Thou Shall not Covet: Why We Always Want Something More.


Gift box

Have you noticed that hollow feeling that creeps in casting a shadow when you are trying to be happy for someone’s promotion, new venture, new purchase, new…just about anything. The niggling feeling that slithers into your heart soiling your happiness for someone or even for yourself throttling out the good feelings you had started having about something but can’t seem to sustain because you find yourself in a state of wanting.

While in the  feeling of wanting, the  little voice in your head starts a little commentary saying things like, “I wish I had a car like that…. a house like that one….Gosh why didn’t I get promoted too.” And if indulged,  the  little voice gets louder and you find yourself in the suboptimal condition of feeling unsatisfied.

It’s because we can’t help who we are. We are always in a state of wanting. It’s why after you achieve that dream job, dream house, dream car or dream wedding; you suddenly find yourself with a new list of wants. As soon as our needs are met we have the instinct and the inherent desire to keep going on with achieving something else.

The feeling of always wanting is a form of our ego that unless recognized continues to grow. In time, this feeling of dissatisfaction can take over your life leaving you always in a state of unquenchable wanting. In order to overcome the desire of more…things or accolades… one needs to:

1. Recognize the feeling of wanting when it begins to rear its head. It is important not to judge (you are neither right nor wrong for wanting)  yourself should you find that you are not completely happy about a situation. Just recognized it. By the simple act of seeing it for what it is, leaves you no choice but to do something about it.

2. Practice the three tenets of wanting:

  • Compassion and Kindness– Practice wishing others well without inserting yourself in the commentary going on in your head. Understand that your feeling of being happy for others is temporary as are all other feelings. So when it is there, immerse yourself in the act or words of expressing compassion and kindness for others. It is important to also do the same for yourself. Be truly happy about whatever situation you are in and resist the urge to insert a contrary thought that will bring the feeling of compassion and kindness to an early end.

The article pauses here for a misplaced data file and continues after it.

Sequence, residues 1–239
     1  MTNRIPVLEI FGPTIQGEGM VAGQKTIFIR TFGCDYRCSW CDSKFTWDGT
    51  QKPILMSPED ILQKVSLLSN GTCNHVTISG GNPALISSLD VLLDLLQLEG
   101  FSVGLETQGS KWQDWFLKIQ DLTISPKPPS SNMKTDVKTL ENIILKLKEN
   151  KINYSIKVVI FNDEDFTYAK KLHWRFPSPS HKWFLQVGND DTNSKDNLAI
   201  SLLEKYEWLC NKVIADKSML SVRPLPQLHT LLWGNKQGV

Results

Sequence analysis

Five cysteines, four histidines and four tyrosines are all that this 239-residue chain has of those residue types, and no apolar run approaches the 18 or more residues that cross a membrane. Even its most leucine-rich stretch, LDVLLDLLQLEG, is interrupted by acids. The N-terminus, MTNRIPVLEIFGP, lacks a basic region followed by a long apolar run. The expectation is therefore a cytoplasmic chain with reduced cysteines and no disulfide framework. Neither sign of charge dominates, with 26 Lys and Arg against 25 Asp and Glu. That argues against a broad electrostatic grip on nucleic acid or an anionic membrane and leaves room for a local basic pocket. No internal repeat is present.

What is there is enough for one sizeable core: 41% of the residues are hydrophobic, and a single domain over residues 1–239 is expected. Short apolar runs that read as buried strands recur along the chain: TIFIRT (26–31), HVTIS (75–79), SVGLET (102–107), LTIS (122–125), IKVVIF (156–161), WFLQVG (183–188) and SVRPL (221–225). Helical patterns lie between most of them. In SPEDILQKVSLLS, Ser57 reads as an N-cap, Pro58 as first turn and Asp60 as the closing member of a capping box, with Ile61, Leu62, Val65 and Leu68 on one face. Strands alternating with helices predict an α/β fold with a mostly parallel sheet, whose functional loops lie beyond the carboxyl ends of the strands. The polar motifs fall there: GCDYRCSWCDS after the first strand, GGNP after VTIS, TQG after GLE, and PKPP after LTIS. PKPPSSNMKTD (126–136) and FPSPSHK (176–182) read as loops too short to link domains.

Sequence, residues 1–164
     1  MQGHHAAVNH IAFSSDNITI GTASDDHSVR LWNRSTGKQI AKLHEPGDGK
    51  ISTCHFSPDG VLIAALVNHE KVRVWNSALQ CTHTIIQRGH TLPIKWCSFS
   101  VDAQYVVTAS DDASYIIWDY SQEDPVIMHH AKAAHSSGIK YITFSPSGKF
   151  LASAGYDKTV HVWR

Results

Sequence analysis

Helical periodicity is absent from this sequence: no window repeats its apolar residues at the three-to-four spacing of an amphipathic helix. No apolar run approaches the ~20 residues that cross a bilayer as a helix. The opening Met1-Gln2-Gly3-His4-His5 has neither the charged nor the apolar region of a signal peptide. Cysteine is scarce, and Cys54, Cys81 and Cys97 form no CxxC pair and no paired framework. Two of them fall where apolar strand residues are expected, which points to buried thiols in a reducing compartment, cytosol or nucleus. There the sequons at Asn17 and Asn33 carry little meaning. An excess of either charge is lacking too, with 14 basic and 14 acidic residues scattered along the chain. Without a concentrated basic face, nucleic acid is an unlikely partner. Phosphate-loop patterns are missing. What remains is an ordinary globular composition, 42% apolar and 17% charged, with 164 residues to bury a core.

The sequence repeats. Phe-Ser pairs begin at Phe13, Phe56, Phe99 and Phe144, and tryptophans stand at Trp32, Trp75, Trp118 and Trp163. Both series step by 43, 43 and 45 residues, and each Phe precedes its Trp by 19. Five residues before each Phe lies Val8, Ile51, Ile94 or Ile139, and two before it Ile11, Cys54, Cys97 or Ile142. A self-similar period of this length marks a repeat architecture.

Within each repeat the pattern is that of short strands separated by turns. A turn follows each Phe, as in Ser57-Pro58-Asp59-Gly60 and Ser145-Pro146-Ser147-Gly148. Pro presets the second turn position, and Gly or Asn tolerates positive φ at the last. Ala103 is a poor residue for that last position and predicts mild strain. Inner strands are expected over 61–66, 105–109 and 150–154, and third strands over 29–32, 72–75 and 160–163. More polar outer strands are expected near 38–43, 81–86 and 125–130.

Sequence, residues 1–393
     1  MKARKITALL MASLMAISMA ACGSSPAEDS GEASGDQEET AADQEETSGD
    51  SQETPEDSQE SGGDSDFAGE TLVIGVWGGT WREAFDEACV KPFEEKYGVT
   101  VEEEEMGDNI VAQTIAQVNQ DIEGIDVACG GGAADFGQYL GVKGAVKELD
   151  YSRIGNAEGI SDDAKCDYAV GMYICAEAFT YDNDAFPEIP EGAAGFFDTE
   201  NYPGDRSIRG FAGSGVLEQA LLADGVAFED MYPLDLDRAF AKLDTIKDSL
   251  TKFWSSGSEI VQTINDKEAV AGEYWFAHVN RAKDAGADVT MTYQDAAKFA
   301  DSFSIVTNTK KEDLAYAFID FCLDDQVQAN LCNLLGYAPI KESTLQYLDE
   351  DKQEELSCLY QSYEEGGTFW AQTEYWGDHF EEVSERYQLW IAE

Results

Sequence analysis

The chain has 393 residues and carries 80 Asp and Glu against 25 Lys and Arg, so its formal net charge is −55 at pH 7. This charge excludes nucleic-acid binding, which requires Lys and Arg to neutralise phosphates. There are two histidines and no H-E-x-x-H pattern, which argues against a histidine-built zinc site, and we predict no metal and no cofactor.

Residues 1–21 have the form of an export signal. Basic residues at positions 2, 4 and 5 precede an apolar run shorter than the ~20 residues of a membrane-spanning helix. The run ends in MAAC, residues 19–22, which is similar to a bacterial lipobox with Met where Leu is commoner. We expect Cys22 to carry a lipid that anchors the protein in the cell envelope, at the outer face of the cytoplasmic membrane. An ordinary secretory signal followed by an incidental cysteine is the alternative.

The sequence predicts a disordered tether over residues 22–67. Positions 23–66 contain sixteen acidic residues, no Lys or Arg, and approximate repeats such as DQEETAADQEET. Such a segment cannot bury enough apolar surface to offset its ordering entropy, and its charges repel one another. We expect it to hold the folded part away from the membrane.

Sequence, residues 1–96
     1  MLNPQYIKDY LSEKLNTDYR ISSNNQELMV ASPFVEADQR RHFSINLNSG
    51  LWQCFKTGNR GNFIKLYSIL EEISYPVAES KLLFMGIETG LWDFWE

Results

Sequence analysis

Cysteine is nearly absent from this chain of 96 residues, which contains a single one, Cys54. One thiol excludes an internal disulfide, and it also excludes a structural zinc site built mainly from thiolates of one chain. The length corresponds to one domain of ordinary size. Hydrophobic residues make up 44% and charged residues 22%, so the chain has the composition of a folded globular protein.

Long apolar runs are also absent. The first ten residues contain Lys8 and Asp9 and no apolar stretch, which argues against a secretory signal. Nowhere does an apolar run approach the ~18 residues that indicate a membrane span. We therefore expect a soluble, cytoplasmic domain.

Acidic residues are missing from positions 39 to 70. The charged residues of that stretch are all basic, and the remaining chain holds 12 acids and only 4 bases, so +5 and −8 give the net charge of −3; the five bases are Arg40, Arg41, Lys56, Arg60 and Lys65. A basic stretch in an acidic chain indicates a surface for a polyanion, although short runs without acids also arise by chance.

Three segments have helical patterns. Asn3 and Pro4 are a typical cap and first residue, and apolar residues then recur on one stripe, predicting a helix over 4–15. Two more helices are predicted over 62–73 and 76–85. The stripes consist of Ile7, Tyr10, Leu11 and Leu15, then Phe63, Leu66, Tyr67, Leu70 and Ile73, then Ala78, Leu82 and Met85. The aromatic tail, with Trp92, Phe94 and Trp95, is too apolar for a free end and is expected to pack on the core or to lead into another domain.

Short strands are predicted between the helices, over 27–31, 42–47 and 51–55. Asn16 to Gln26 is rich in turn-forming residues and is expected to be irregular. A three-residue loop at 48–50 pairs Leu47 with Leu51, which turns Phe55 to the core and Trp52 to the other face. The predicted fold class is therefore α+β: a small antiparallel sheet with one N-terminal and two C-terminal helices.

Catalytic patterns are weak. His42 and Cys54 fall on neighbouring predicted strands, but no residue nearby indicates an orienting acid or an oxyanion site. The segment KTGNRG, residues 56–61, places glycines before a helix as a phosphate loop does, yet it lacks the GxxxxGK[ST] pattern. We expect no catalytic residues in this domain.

• Renunciation– You do not need to have everything. Having the dream job, dream car, dream wedding, or dream (insert here) will not make you any happier than you probably already are. Sure there are situations where having more will certainly make life easier which is what keeps us going but the simple act of renunciation will then lead to the act of being grateful for what we already have. Be grateful everyday for something you already have. In doing so the emotion of always wanting is diminished even as you continue to accomplish and acquire more things in your life.
  • Ignorance-When caught up in the emotion of wanting, it is often quite common that there is an underlying reason why you attach so much importance to wanting the things you feel you want. Try to look within yourself to see what about yourself makes you want those things? Did you not few toys as a child and hence the constant need to acquire things? Is it your need for attention that causes you not to be truly happy for others when they receive praise or promotions?

Perhaps it’s because of always wanting more that humans first started having elaborate ceremonies of giving. Cultures across the world have moments where people congregate to give. While in these acts of giving, we experience a feeling of joy something that we ought to practice so we can be happier. Whatever the case, the  emotion of always wanting something doesn’t totally go away. But with practice and looking inward to understand its origins, you might have the chance to learn more about yourself and others which hopefully might lead to a happier you.

Advertisements

2 thoughts on “Thou Shall not Covet: Why We Always Want Something More.

Leave a Reply

Fill in your details below or click an icon to log in:

WordPress.com Logo

You are commenting using your WordPress.com account. Log Out / Change )

Twitter picture

You are commenting using your Twitter account. Log Out / Change )

Facebook photo

You are commenting using your Facebook account. Log Out / Change )

Google+ photo

You are commenting using your Google+ account. Log Out / Change )

Connecting to %s